The Federal Government has made changes to Australian Capital Gains Tax for non residents that impacts Australian expats who still own a property back home.

At the moment, the Australian Capital Gains Tax rate is 12.5 per cent, and expats could be hit with it if they try to sell their home in Australia after these new tax rules come into affect on 1 July, 2020. Of course, there are a few finer points to understand with these new rules, so we spoke to Atlas Wealth ManagementManaging Director and Financial Planner Brett Evans. The business provides financial advice specifically to Australian expats living all over the globe.

Before we dive in, it’s important to note that the following information is purposely broad. It does not take all the intricacies of your personal tax or expat situation into account. So it is not advice specific to you. This post on Australian Capital Gains Tax for non residents and expats, is meant to give you a broad overview of what to expect.

Always seek professional financial advice if you’re unsure of the path you should take to best suit your own circumstances.

What is Capital Gains Tax in Australia?

Capital Gains Tax was first introduced and applied in Australia in September 1985. Basically, when you sell a “capital asset”, like real estate or shares, you either gains or lose money, compared to what you bought that asset for.

Those gains or losses in Australia need to be reported to the government on your income tax return, and you will be charged tax on any gains you made. Capital Gains Tax (CGT) applies to the sale of assets that were purchased after September 20, 1985.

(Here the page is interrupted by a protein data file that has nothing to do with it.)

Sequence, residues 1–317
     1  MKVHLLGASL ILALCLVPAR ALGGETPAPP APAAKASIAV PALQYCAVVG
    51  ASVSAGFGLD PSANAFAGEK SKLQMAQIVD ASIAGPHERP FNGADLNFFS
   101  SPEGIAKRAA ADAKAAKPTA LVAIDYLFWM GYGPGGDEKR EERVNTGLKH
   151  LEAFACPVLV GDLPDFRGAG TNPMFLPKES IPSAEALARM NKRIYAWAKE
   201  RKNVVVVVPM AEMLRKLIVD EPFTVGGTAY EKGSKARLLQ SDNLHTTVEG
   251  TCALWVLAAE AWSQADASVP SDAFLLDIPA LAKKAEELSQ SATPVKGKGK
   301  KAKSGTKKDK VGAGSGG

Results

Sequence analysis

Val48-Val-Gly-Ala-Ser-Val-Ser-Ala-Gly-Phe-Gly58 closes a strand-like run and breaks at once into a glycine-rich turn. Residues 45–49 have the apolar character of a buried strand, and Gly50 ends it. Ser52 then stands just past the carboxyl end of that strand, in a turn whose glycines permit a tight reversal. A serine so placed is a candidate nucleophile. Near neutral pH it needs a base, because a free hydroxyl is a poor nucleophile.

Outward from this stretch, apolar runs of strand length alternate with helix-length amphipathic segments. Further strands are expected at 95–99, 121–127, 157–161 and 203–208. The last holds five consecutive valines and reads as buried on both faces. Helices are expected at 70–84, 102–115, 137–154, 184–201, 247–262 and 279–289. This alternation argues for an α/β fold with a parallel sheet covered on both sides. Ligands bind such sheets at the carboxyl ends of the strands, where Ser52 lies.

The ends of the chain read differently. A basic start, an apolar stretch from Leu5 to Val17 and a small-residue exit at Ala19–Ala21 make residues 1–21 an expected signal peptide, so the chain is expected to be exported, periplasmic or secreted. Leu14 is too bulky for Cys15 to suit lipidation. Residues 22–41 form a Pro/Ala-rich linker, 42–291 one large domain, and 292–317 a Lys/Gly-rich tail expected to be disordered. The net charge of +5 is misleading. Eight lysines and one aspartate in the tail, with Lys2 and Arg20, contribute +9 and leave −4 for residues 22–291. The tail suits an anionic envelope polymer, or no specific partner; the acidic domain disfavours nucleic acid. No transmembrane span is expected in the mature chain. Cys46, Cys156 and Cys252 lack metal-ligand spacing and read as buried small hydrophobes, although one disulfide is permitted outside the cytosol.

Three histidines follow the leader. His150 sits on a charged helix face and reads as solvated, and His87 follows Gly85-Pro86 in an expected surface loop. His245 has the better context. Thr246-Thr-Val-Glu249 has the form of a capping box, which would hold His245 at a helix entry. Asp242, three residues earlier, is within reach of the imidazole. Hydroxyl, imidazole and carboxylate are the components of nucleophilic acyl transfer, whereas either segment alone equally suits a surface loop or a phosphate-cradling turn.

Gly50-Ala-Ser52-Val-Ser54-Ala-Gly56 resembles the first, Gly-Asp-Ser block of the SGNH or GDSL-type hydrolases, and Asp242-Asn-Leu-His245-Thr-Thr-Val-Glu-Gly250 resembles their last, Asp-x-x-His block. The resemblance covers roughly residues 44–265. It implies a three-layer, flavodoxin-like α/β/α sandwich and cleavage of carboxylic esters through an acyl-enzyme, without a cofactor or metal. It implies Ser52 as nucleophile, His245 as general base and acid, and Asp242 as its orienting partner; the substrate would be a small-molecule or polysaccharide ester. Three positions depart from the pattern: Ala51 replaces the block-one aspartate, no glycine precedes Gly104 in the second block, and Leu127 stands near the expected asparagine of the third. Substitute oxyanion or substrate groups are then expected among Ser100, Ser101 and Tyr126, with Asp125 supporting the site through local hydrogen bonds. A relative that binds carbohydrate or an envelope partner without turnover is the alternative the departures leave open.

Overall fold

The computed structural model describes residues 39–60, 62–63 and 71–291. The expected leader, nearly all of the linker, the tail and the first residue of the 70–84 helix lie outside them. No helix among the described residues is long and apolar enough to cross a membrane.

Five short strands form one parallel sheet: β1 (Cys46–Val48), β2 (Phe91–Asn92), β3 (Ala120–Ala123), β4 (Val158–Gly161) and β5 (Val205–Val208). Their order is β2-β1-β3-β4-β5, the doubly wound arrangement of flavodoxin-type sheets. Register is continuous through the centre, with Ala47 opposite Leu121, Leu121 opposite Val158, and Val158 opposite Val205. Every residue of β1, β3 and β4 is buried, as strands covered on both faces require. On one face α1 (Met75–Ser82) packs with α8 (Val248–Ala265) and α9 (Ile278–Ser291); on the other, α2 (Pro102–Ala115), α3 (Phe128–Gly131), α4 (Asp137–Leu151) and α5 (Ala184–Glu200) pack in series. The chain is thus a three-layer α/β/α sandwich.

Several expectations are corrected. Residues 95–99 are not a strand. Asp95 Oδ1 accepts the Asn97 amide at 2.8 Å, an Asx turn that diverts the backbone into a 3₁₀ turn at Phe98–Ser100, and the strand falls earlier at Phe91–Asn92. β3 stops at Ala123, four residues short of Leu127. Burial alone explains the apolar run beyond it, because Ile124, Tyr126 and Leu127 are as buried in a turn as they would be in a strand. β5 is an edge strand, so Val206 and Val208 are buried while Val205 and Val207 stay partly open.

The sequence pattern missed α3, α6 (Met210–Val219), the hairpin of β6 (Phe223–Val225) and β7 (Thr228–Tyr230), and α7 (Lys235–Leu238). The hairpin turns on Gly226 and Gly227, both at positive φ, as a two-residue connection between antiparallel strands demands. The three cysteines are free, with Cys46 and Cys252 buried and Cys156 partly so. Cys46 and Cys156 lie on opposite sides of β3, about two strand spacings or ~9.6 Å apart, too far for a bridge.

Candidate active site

This is where non residents come into the picture. As stated on the Australian Tax Office (ATO) website,  “Foreign residents make a capital gain or loss if a CGT event happens to an asset that is ‘taxable Australian property’.”

As far as this topic, and the ATO are concerned, the term ‘Australian resident’ means someone who is a resident of Australia for tax purposes.

Changes to Australian Capital Gains Tax for non residents

In early December 2019, the Australian Government changed part of Capital Gains Tax for expats rules, to remove an exemption that many had used for decades.

Previously, Australians living abroad were able to claim an exemption from CGT on their family home, as long as it was not rented out for more than six years.

But changes by the Australian government have striped that exemption for Australian expats, and could mean that they will be hit with Capital Gains Tax if expats sold their Australian property while being a resident overseas.

But in early December the Federal Government finally passed through the Senate its $581 million plan to change CGT arrangements for people living overseas.

As Brett Evans from Atlas Wealth Management explains, it means some Australian expats will be slugged with the tax.

“In the past both Australian residents and expats could utilise a tax exemption on their current or former principal place of residence. The way this worked was that if you were to move from the property and rent it out (but didn’t purchase a new principal place of residence) then from that date up until six years later you could chose to sell the property and you would not be liable to pay Capital Gains Tax (CGT) under the Main Residence Exemption (MRE) to the ATO,” he said.

“Even if you sold after the six year period you were still entitled to a partial main residence exemption. Unfortunately this exemption has now been removed for everyone who sells a former principal place of residence in Australia whilst they are overseas, including Australian citizens”

There’s still time to sell your property

House being exchanged for money

Don’t start panicking or planning your return to Australia just yet though. There is a transitionary period for some non residents to sell properties without being stung by Capital Gains Tax.

“Those Australian expats who purchased their property before May 9, 2017 will benefit from a transition period up until June 30, 2020. What this means is that you need to sign the [property selling] contract before the end of June to be able to access either a full or partial Main Residence Exemption, all depending on your time away,” Mr Evans said.